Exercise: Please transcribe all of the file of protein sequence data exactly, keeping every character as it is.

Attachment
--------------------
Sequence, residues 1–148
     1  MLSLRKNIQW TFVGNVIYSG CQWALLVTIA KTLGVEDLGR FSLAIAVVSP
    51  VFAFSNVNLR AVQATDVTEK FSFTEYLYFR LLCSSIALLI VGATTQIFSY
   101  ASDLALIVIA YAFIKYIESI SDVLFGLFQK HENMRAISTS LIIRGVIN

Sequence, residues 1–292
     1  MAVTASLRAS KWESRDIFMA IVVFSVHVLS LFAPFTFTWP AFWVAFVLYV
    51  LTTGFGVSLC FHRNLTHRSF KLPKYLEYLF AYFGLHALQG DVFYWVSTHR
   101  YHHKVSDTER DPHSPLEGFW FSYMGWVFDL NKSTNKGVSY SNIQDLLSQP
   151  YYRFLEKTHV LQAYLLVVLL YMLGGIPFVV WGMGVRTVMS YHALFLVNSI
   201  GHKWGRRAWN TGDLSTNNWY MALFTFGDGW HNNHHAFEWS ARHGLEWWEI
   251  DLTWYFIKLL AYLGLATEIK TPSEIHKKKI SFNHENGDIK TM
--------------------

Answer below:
Sequence, residues 1–148
     1  MLSLRKNIQW TFVGNVIYSG CQWALLVTIA KTLGVEDLGR FSLAIAVVSP
    51  VFAFSNVNLR AVQATDVTEK FSFTEYLYFR LLCSSIALLI VGATTQIFSY
   101  ASDLALIVIA YAFIKYIESI SDVLFGLFQK HENMRAISTS LIIRGVIN

Sequence, residues 1–292
     1  MAVTASLRAS KWESRDIFMA IVVFSVHVLS LFAPFTFTWP AFWVAFVLYV
    51  LTTGFGVSLC FHRNLTHRSF KLPKYLEYLF AYFGLHALQG DVFYWVSTHR
   101  YHHKVSDTER DPHSPLEGFW FSYMGWVFDL NKSTNKGVSY SNIQDLLSQP
   151  YYRFLEKTHV LQAYLLVVLL YMLGGIPFVV WGMGVRTVMS YHALFLVNSI
   201  GHKWGRRAWN TGDLSTNNWY MALFTFGDGW HNNHHAFEWS ARHGLEWWEI
   251  DLTWYFIKLL AYLGLATEIK TPSEIHKKKI SFNHENGDIK TM